Not too long ago it was October 30th – Hurricane Sandy was ripping through PA and we were chasing storm birds like crazy. Then when we had time in November, we went on a 5 day birding trip and then did some PA rarity chases. Now all of a sudden, it’s December. I figured it would be a good idea to start December off right by birding through the northern portion of Centre County. The area above I80. For some reason I80 seems like the line across the top third of PA where everything becomes more wild. If you want to see Rough-legged Hawks in good numbers as well as have your best chase at finding a Northern Shrike, go north of I80. So that is where we went. We also wanted to try to find some winter finches and/or crossbills and figured this route would work for them too. We made our first stop of the day at Black Moshannon SP. Red Crossbills had been reported there recently, and I still needed them for my Centre County life list. We checked multiple locations around the park without a sign of crossbills. Red-breasted Nuthatches were literally everywhere though. It wasn’t until our last stop at the west side of the Moss-Hanne Trail that we heard the distinctive flight calls of Red Crossbills, directly overhead. We ran out of the trees to get a better look at the sky. Then we noticed two female Red Crossbills perched in a hemlock nearby! Centre County bird #242.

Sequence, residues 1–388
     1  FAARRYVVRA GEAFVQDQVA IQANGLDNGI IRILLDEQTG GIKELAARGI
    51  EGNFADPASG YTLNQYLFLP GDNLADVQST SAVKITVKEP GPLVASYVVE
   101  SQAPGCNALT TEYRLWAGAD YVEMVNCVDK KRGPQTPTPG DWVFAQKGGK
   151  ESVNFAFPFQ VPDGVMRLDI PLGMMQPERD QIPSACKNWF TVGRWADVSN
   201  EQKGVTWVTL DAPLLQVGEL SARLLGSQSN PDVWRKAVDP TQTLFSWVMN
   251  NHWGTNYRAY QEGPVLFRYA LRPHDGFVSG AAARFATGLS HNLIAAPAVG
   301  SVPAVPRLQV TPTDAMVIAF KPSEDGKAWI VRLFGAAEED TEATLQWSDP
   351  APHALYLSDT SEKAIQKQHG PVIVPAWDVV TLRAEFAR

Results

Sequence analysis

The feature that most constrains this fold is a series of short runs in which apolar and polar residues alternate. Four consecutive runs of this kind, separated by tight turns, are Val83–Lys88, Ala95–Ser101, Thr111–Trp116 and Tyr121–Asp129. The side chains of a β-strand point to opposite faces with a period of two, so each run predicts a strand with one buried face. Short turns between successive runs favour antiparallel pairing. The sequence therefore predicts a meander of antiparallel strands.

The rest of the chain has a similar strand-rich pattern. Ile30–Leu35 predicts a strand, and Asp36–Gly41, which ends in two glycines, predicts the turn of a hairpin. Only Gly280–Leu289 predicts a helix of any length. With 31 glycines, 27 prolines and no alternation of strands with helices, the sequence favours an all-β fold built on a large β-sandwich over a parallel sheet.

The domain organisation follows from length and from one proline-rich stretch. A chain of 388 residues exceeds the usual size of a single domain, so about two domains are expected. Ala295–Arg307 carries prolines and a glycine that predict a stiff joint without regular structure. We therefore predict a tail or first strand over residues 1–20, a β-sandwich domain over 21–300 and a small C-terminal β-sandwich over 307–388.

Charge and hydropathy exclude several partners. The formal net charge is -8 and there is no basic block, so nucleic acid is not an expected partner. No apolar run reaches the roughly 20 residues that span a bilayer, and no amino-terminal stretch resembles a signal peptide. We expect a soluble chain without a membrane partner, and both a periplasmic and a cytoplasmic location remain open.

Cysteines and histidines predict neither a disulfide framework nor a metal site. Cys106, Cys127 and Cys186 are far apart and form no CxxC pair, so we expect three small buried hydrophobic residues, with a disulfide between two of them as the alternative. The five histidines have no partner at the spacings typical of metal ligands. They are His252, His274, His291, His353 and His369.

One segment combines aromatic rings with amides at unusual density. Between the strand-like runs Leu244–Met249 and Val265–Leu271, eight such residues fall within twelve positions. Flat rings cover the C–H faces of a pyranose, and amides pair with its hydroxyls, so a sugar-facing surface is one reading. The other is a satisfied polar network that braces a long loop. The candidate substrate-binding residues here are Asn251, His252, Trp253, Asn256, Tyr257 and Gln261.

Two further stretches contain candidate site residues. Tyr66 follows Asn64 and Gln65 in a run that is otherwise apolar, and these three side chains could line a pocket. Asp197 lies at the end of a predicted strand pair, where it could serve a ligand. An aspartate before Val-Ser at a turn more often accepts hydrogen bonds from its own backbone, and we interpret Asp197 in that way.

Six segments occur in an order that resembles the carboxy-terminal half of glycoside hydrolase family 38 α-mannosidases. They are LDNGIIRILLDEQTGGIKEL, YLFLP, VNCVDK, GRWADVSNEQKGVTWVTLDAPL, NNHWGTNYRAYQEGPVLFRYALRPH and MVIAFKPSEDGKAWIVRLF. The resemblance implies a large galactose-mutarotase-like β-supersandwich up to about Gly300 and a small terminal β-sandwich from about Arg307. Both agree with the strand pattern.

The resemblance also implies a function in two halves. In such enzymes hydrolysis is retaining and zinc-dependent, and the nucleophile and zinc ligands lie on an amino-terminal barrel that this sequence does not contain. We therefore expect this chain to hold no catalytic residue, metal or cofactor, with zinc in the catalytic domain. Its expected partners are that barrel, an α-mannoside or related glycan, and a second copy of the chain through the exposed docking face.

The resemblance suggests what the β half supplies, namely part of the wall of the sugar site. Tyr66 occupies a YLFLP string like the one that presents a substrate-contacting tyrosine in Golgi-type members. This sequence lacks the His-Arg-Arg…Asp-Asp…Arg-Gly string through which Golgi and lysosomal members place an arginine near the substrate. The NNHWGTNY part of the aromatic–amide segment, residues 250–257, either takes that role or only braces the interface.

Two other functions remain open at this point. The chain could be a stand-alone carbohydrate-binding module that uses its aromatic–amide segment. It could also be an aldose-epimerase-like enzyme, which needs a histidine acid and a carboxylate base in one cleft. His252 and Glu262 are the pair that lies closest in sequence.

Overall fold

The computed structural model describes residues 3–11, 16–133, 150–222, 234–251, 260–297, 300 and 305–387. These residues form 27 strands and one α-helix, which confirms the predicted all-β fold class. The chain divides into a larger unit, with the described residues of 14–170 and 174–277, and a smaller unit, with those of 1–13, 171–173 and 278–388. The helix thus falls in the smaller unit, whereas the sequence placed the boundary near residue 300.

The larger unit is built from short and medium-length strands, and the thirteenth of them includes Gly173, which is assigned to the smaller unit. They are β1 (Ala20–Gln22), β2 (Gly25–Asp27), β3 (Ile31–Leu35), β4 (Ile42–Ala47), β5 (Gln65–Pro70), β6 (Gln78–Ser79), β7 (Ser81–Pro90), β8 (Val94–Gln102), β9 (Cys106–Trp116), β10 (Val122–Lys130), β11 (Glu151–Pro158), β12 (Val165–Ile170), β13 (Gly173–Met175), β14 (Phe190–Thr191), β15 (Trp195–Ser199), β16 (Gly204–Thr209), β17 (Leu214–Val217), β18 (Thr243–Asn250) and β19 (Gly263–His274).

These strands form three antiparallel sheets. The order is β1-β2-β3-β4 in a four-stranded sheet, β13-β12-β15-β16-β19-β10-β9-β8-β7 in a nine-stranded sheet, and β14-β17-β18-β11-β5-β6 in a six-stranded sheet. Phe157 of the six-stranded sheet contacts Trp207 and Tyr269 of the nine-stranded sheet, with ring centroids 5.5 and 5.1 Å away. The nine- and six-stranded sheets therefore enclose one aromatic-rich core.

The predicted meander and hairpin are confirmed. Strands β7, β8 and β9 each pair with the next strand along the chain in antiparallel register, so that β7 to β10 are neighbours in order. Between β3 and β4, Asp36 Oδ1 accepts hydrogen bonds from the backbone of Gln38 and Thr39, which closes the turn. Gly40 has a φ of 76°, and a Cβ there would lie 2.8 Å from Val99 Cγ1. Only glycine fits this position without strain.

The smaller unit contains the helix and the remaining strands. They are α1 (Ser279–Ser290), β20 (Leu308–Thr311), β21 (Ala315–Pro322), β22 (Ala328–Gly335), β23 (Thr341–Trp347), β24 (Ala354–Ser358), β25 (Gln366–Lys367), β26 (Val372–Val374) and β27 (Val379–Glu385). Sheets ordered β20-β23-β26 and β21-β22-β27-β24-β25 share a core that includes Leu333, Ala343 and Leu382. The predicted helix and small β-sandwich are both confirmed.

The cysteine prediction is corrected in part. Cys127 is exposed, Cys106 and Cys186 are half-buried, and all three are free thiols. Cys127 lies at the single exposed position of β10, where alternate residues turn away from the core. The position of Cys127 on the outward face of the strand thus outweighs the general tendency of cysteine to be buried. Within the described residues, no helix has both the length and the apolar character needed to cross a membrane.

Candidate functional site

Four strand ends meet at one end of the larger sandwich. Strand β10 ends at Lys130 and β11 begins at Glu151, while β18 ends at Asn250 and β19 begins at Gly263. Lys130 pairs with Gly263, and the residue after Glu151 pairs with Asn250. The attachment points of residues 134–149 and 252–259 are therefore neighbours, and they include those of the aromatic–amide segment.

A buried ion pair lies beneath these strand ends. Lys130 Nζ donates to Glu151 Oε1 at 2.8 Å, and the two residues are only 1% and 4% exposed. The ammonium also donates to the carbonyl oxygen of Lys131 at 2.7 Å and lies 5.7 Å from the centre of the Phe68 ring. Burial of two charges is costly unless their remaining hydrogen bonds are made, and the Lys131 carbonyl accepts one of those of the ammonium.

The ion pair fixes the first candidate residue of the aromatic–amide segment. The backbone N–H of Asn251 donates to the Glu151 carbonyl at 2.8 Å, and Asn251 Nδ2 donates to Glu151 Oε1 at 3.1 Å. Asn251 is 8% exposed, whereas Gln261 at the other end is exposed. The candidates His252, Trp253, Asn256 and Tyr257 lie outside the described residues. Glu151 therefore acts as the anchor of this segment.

After Black Mo, we checked the Mid-State Airport for shrikes and rough-legs, but didn’t find any. We then started touring the strip-mined areas of northern Centre County – between Grass Flat and Clarence. We spotted an area with lots of brushy fields and patches of larches, birch, and pines. The habitat looked great for White-winged Crossbills, Pine Siskins, and Common Redpolls. We spent about an hour wandering around the area and came across a flock of 7 and another flock of 5 White-winged Crossbills! As we were leaving, we heard flight calls of what were either redpolls or siskins, but they left quick and we never got a visual. At least 20 Red-breasted Nuthatches there as well.
Near Frenchville I finally accomplished a long overdue personal goal. As we were rounding a turn in the road, I spotted three bull Elk standing out in a field. I have always wanted to see the reintroduced Elk in PA, but had never come across one until now. We drove down the road a little further and found a nice place to pull off and watch them. One of the three Elk, and also the largest of the three, had a radio collar around its neck.
For the rest of the afternoon, we checked some more strip-mined areas for winter raptors and shrikes. We found an adult male Northern Harrier at the German Settlement strip mine area and a female American Kestrel near Moshannon. The Rusnak Hill strip mine didn’t have any rough-legs yet either, but we did find an adult Red-shouldered Hawk. This is the same area where I have run a winter raptor survey and behind Rough-legged Hawk, Red-shouldered Hawk is the most common winter Buteo.
We ended the day at Bald Eagle SP. There were good numbers of waterfowl on the lake, mostly comprised of American Black Ducks and Mallards. We also noted many Hooded and Common Mergansers as well as Gadwall, Lesser Scaup, Green-winged Teal, Bufflehead, Canada Goose, American Coot, Double-crested Cormorant, and Ring-billed Gull. A flyover Bald Eagle was nice as well. There were 4 Common Loons floating out from the swimming beach. We ended up with about 40 species for the day, a nice start to the winter months.